For the past several years, Twitter and rest of social media has drawn his ire and he’s convinced it plays a much bigger role in how kids deal with pressure these days.

“We used to be able to go to a game and have a bad game and leave the game and you never heard about it because nobody read what you guys wrote,” Izzo said. “Students don’t and they don’t watch local TV. They are too busy tweeting people.

“I’ve been saying this for two years and I think you’re starting to see some of the things that are happening. You think fans are any different than they were five years ago? I don’t. I mean, I’ve been called an angry midget since I went to Ann Arbor, you know? And I’m sure they’ve been called stuff since they’ve come here. I’m sure we got on the Fab Five when they went here. That hasn’t changed that much. It’s, there’s so much pressure on these kids and they’re hearing it just around the clock, around the clock, around the clock.

“I just feel sorry for these guys. I’m the hardest on them, and I’ll tell anybody in this room I’m as hard on them as anybody out there. And I love those guys to death, and I mean even players from other teams. I watched that Marcus Smart thing, and I felt bad for him. Because I happen to know him a little bit and I happen to know the kind of guy he is.”

Izzo hasn’t forced his players to stop reading Twitter, joking on Monday that would be like asking them not to breathe. He even added that today’s phones are like a drug, saying there should be “phone tests.”

But, at least for some coaches and programs, it’s not a laughing matter.

Collins agreed with Izzo and talked about the “constant accessibility” fans have through various social media.

“Fans can get to players in more ways than just showing up at games,” he said. “I think people feel they have a bigger freedom of speech to talk to the players because they can do it in more forums and I think that’s made it more dangerous.”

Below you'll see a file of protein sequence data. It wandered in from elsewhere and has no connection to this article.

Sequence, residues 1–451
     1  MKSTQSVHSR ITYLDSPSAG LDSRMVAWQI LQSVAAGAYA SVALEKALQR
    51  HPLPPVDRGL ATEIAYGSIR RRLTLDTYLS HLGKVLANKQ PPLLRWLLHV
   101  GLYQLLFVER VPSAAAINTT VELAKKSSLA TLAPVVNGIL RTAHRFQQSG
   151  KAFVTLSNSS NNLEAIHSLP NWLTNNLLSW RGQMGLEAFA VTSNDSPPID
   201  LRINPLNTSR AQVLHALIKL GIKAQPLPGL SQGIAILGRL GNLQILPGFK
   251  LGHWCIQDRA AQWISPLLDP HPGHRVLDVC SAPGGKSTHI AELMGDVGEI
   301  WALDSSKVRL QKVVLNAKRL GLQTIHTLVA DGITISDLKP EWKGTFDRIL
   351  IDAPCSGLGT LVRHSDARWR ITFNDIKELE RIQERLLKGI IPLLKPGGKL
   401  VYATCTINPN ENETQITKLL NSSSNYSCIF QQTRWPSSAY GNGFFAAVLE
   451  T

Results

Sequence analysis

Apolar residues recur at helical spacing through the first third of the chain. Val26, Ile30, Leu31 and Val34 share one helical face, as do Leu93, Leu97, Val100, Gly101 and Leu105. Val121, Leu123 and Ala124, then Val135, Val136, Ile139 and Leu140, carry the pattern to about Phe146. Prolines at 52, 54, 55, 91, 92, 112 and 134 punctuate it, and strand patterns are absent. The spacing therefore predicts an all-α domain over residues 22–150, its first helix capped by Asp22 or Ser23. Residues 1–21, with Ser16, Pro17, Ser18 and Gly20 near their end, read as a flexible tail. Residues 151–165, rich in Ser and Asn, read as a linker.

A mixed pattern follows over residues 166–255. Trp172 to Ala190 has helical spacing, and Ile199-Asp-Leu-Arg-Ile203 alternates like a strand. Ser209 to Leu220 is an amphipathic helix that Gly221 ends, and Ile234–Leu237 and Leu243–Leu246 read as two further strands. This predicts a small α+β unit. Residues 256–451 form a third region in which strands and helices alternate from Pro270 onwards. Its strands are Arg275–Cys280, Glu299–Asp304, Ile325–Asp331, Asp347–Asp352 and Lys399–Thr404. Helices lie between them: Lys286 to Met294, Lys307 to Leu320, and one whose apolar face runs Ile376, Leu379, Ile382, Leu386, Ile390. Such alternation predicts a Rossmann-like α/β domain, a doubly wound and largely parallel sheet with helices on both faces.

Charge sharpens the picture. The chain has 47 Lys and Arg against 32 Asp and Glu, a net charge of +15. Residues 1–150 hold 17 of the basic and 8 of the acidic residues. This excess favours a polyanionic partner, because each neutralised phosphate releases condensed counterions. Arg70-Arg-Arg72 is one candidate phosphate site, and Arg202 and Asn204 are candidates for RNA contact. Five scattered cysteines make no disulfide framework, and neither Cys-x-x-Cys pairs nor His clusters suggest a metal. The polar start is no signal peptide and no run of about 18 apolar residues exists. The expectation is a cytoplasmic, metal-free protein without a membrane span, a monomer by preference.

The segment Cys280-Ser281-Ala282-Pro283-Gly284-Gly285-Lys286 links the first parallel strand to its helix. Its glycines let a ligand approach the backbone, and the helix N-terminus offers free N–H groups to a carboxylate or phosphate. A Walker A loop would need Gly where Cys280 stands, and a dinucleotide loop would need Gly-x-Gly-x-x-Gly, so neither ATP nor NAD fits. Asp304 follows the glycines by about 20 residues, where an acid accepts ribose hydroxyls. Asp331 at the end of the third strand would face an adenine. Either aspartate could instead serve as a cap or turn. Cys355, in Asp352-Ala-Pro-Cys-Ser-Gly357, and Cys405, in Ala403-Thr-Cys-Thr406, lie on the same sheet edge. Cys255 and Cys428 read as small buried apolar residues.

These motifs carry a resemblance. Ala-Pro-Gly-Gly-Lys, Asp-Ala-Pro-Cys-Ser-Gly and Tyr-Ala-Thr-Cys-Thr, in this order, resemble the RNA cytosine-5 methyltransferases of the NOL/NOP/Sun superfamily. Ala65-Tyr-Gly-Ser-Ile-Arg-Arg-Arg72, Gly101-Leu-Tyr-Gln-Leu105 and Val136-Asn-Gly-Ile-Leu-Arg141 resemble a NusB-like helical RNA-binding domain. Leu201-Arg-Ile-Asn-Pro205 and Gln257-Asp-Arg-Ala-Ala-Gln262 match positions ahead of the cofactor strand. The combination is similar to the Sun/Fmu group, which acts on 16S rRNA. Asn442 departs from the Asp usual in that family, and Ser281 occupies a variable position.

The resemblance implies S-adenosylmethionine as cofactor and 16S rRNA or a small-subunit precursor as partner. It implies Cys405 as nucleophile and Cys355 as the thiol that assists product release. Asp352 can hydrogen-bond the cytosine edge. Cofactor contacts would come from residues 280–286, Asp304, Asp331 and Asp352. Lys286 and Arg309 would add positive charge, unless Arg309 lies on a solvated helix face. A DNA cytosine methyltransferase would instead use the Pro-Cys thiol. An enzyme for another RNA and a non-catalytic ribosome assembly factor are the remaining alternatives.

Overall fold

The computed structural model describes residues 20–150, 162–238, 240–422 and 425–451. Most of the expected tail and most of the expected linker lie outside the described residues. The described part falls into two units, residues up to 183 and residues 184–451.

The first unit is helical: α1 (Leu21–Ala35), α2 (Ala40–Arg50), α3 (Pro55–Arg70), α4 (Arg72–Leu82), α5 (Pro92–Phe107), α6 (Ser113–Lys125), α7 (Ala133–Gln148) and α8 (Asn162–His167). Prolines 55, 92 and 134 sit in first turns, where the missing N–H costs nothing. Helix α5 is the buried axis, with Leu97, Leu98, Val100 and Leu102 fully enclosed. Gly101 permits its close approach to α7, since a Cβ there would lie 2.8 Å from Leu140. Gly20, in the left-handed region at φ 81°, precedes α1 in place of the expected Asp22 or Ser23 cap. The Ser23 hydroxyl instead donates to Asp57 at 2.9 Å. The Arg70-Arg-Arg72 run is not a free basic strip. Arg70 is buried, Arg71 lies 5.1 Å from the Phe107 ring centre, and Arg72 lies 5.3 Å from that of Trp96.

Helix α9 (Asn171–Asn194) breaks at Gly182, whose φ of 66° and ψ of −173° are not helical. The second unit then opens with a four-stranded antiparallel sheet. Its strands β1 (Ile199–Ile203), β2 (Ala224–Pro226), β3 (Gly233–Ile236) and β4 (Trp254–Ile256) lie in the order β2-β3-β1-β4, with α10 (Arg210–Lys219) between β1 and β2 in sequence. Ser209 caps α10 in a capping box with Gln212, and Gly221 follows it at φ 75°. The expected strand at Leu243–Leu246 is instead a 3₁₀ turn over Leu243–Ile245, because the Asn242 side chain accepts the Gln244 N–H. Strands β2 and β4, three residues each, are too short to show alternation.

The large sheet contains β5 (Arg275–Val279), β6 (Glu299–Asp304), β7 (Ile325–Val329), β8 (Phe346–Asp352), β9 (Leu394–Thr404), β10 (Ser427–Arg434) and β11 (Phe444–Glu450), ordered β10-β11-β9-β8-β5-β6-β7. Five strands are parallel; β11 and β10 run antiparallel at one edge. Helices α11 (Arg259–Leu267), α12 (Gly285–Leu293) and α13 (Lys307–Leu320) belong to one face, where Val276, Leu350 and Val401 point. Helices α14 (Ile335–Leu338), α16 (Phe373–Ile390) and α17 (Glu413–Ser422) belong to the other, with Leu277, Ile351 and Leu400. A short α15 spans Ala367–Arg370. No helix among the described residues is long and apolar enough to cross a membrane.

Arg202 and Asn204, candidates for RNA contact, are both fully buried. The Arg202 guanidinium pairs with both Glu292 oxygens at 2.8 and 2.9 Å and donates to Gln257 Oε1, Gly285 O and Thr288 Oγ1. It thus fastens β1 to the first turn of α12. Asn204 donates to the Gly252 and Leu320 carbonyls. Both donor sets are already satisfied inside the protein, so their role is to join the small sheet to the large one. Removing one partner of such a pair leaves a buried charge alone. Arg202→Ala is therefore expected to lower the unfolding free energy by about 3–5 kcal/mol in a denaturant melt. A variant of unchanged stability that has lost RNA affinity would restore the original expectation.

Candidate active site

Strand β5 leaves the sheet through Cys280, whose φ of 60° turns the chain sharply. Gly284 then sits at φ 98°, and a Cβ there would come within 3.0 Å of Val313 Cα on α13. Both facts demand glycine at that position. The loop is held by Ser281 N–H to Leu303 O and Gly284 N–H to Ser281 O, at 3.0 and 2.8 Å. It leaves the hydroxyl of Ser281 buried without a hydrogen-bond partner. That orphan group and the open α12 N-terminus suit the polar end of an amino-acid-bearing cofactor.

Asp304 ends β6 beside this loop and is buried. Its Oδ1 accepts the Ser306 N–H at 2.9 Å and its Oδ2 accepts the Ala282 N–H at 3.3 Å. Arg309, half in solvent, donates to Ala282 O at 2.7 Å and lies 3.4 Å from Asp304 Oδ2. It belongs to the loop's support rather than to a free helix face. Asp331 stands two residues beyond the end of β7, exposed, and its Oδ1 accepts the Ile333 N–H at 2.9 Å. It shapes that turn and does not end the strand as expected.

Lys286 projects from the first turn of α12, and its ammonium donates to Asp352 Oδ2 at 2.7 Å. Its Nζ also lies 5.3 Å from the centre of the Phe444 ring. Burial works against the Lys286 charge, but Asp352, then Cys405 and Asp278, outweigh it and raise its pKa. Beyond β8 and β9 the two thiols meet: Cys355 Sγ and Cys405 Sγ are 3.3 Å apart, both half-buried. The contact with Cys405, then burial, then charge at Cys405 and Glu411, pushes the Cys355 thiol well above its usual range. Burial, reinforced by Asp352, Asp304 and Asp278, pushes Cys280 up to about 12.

Several Spartans have heeded Izzo’s advice and have at least taken a Twitter break, including Valentine, Gary Harris, Matt Costello and Branden Dawson.

Costello said, “90 percent of what is on there is waste,” and added it has helped him greatly since deleting the app from his phone.

Harris said when he was in high school he would fire back at some fans, but as he has matured he realized it did him no good.

“It’s just another outside distraction and I need to focus on basketball and school,” he said. “All they want is a response anyway. Just let them talk, they end up looking stupid, anyways.”

Izzo’s message is starting to get across to his players, and as he stated Tuesday, he doesn’t care if it rings hollow to others or is used against him in recruiting.

“I’m sticking up for the players,” he said. “I really don’t care anymore because I’ve had guys in my office in tears. Grown men, according to ‘birthdates.’ I’ll leave a meeting with a player and you know where I go? Call my daughter, I go over to the dorm, I drive her around campus for an hour and tell her, ‘Listen, this is what can happen. Stay off that thing as much as you can if you’re using it.’ ”